Genre: Fiction, Horror
I thought I’d check out some horror to get into the October mood, and I found this book in my library’s catalog. A few clicks and a few days later, I had it. I read this book in a weekend plus a Monday. It read fast, with a crisp, intelligent, tantalizing nightmarish voice; I loved it.
The Bone Mother as a whole was okay. Not bad, not great, but okay. Had I known it was a series of short stories, I might have passed it up. I’m not a huge fan of short story collections. The Bone Mother is divided in to short stories from varying points of view – each story is titled with a name of the story’s main character. Sometimes the main character dies, sometimes the main character does the killing, other times he is a passive observer. I admit; I read some stories faster than others. The very last story in the book seemed to drag while others I read twice.
Regardless of that, the writing is what kept me reading. Demchuk had a very tantalizing way of writing. He gives just enough details for you to wonder – to imagine the worst – imagine some mad mystery, without revealing the truth. We all know that a horror movie is scary until the monster is revealed. Without knowing exactly what’s out there, what’s after you, what’s about to maul you and gnaw on your bones, there’s a level of fright that comes out of that unknown. It could be nothing; it could be something terrible.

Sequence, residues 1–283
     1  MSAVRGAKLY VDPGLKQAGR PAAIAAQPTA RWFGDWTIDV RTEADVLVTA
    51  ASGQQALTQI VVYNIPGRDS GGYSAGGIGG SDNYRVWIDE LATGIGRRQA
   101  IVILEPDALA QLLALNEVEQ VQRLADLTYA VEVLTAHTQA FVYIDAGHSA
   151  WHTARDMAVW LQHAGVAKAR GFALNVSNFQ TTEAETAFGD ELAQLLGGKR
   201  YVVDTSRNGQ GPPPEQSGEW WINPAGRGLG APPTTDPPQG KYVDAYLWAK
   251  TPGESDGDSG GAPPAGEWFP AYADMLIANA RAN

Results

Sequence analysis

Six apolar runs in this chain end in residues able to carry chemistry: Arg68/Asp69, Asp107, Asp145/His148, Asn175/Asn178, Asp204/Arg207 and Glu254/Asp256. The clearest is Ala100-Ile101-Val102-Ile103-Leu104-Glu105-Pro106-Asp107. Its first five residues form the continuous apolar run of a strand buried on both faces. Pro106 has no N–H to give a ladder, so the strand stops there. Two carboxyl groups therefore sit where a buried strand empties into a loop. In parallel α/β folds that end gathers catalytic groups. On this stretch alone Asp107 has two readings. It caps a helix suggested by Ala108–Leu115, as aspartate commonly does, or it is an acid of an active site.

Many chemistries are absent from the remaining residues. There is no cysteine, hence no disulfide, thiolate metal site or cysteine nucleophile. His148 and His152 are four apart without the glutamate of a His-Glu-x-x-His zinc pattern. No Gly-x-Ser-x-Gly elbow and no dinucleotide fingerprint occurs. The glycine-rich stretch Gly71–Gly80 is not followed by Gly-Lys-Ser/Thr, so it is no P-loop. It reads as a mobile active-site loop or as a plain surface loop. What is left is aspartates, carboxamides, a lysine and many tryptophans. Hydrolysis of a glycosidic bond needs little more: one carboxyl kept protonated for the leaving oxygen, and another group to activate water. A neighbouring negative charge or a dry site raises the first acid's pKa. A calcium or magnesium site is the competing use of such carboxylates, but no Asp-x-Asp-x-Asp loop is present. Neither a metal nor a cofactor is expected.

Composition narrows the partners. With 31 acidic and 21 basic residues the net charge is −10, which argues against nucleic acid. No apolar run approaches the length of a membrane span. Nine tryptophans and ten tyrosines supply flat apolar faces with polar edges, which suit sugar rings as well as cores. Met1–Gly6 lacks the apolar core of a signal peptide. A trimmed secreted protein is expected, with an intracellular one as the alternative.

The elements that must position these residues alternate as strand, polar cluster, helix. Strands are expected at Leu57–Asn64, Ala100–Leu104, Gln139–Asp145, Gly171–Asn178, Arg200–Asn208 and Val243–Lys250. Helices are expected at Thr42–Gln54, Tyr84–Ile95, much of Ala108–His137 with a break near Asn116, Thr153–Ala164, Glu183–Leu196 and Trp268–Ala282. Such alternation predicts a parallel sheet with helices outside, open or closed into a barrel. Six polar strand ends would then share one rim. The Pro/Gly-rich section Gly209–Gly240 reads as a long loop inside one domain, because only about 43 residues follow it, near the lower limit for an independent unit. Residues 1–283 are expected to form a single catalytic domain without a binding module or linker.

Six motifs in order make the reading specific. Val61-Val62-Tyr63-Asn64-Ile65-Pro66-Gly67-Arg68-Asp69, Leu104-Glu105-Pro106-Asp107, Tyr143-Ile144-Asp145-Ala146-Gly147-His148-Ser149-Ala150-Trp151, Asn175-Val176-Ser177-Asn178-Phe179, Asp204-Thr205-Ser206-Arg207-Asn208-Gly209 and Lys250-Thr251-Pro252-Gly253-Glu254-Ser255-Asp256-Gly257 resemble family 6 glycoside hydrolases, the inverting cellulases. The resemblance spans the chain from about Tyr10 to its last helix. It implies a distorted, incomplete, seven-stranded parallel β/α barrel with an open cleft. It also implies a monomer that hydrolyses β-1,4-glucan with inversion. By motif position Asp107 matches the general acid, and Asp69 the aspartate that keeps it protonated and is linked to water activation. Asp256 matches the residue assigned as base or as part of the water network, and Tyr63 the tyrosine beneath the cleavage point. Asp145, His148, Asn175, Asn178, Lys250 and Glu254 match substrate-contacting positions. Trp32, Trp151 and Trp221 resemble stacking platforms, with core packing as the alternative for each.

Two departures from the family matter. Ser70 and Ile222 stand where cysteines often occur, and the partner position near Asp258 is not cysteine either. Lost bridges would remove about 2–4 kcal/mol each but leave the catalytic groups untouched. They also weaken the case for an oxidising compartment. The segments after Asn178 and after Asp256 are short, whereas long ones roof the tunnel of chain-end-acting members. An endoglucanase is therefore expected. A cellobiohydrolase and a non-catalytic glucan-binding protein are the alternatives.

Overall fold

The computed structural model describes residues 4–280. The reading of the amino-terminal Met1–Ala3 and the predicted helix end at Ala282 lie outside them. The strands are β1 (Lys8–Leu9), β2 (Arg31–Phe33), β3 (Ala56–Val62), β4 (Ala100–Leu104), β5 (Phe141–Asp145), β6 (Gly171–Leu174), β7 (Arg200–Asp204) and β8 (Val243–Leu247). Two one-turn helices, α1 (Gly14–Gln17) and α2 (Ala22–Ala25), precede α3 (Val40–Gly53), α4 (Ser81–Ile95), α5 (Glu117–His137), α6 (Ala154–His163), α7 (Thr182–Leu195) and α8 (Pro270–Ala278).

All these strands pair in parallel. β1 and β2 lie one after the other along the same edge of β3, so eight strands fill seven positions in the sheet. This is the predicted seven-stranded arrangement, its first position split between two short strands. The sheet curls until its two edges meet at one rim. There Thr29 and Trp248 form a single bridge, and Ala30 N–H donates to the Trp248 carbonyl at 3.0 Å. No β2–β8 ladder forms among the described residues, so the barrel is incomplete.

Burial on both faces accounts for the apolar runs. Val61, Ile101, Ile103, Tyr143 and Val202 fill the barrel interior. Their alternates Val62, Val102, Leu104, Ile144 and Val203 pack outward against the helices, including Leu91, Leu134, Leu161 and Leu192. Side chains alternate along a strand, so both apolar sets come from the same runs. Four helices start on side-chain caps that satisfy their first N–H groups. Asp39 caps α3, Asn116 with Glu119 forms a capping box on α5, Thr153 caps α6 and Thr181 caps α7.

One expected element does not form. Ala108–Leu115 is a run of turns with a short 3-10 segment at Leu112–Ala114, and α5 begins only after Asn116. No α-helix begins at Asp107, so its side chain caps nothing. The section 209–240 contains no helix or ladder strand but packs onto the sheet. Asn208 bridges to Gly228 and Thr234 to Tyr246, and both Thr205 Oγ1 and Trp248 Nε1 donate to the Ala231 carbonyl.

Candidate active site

I gave The Bone Mother a 3 out of 5 because while the writing was fantastic and perfect for the season, the stories themselves left me wanting more. I’d rather have a singular story where I can fully invest in the main character, instead of jumping to someone else every few pages. The characters themselves felt like the same person – which might be an interesting way to read it.
For a glimpse of this book, the first story opens with the marriage between two brothers – yes, you read that right. Two brothers. Same mom, same dad – got married. In the first paragraph. It was little things like that that made me reread sentences; Demchuk told strange things in a very simplistic, matter-of-fact tone; I also liked that he included gay characters, straight characters, and transgender characters without batting an eye or making it a huge deal.
If you’re looking for a chilly, quick read for the season, I suggest checking this book out!